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Economic Report: U.S. trade deficit dips to $89.2 billion, but stays near record high

The numbers: The U.S. trade deficit fell slightly in February to $89.2 billion from a record high in the first month of the year, reflecting an ongoing surge in imports and stepped-up efforts to clear out congested U.S. ports.

Economists polled by The Wall Street Journal had forecast a $88.5 billion trade gap.

Imports rose 1.3% in February to $317.8 billion. Exports climbed 1.8% to $X228.6 billion.

Last year, the U.S. posted the highest trade deficit ever. The U.S. economy has recovered faster than other countries and that’s allowed Americans to spend more on imported goods. Exports have rebounded more slowly.

Big picture: The U.S. economy is likely to show a paltry increase in growth in the first quarter — at least officially — and the record trade deficit is a big reason why. High deficits subtract from gross domestic product, the official scorecard for the economy.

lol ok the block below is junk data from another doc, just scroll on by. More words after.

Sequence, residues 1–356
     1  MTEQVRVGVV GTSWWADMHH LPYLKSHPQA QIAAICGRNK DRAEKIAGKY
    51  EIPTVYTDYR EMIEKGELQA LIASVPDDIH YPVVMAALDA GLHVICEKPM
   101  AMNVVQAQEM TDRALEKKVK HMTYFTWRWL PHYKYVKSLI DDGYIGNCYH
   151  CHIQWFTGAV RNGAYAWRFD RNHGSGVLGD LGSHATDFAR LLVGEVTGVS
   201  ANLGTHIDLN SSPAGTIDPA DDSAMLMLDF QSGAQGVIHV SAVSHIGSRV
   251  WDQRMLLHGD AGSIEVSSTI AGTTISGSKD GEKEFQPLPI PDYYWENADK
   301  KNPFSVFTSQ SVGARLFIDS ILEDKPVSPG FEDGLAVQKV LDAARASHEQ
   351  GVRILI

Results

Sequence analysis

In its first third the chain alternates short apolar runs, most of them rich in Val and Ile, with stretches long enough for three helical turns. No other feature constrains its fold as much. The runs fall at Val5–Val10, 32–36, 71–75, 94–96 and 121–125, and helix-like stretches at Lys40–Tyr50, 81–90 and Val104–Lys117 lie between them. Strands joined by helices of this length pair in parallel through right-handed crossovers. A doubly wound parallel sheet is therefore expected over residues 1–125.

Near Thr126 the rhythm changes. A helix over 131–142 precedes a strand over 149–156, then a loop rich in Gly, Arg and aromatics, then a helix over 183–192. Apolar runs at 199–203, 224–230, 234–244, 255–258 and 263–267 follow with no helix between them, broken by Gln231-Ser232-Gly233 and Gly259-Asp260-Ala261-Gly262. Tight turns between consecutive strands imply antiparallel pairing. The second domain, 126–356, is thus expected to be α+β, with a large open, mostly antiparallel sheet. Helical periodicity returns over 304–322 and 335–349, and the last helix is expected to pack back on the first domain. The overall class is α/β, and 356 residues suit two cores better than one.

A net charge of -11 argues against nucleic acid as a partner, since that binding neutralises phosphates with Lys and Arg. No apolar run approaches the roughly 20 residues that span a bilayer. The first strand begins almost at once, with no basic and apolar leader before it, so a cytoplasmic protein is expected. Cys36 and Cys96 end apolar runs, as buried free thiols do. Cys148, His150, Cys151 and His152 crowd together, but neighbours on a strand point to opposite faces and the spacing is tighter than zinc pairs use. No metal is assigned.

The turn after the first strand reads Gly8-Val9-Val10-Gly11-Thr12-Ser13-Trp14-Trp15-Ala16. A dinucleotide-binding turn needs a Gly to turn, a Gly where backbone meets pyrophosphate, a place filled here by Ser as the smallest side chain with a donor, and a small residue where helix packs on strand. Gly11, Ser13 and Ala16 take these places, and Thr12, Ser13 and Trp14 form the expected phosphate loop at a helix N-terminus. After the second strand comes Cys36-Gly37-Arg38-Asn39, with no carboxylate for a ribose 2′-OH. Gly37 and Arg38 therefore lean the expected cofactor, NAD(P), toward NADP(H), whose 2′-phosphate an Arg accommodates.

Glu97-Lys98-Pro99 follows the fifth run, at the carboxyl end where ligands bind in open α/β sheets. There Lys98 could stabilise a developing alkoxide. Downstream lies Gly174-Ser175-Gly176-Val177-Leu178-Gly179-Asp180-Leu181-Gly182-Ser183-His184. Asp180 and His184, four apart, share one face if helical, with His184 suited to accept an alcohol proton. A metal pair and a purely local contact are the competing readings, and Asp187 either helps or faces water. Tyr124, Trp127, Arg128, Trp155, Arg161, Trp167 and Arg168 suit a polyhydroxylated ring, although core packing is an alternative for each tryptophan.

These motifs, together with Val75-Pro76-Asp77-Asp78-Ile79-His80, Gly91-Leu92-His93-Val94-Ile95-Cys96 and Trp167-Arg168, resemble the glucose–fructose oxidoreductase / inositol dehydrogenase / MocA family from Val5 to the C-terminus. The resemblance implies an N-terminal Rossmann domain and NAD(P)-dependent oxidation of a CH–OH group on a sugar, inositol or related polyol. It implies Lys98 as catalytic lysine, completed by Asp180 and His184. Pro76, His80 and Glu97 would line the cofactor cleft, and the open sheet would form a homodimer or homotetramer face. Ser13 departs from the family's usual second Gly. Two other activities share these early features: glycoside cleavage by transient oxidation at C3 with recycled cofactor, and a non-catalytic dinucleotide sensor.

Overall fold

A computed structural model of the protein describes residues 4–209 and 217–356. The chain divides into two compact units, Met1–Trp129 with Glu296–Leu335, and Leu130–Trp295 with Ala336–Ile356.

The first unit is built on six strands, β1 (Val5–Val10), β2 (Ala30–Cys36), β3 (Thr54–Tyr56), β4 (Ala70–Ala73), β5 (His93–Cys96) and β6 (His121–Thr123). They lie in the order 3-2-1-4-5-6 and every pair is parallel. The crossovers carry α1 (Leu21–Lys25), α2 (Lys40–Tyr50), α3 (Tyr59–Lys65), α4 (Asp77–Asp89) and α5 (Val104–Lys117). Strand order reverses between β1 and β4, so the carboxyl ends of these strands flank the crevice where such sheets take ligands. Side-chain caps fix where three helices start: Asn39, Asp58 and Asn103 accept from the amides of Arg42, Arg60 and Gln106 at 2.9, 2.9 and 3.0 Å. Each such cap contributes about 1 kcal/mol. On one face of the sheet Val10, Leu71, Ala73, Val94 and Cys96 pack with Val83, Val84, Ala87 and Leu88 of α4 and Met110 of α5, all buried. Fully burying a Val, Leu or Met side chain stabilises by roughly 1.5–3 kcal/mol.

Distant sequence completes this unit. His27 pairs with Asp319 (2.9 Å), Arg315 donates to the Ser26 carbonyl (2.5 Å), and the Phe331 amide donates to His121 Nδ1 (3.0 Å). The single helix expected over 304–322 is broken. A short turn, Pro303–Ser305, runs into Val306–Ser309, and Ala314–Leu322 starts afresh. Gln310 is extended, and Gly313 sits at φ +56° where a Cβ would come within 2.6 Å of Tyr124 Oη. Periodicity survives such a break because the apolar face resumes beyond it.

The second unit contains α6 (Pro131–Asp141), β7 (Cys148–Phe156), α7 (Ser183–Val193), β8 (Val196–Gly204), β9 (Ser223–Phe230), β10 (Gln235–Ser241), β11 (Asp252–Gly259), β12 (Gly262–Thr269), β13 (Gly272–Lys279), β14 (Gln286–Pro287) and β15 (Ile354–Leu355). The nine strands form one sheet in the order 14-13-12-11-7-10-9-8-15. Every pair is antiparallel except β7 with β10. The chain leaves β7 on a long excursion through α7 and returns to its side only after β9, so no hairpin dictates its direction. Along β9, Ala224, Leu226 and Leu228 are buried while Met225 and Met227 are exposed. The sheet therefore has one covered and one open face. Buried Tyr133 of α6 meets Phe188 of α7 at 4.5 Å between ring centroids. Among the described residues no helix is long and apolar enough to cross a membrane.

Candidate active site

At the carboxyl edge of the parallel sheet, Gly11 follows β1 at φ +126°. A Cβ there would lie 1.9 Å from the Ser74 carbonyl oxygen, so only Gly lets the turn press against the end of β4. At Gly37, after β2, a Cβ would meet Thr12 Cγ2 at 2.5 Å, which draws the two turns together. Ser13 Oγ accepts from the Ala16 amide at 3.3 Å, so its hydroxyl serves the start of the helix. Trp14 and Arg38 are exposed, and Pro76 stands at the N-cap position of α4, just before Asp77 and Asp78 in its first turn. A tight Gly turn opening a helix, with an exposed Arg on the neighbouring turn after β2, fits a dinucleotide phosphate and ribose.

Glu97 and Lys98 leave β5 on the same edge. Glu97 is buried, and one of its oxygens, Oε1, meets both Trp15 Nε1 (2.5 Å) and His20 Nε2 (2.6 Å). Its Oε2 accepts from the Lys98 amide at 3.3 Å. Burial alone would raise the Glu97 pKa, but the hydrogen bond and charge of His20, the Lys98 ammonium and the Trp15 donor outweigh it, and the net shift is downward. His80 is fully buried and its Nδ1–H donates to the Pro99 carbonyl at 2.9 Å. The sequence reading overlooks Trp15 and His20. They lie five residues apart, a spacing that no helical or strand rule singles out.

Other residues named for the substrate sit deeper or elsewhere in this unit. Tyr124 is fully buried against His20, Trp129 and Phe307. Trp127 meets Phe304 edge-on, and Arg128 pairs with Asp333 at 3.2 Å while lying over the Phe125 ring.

Yet by most other measures, the U.S. is still expanding at a fairly strong pace. Consumer spending, the main driver of the economy, has accelerated and most businesses are hiring.

The U.S. has run large deficits for years without much effect on the broader economy.

Market reaction: The Dow Jones Industrial Average
DJIA,
+0.30%

and S&P 500
DJIA,
+0.30%

were set to lower in Tuesday trades. Stocks have rebounded in the past few weeks after a recent “correction” that sent shares sharply lower.

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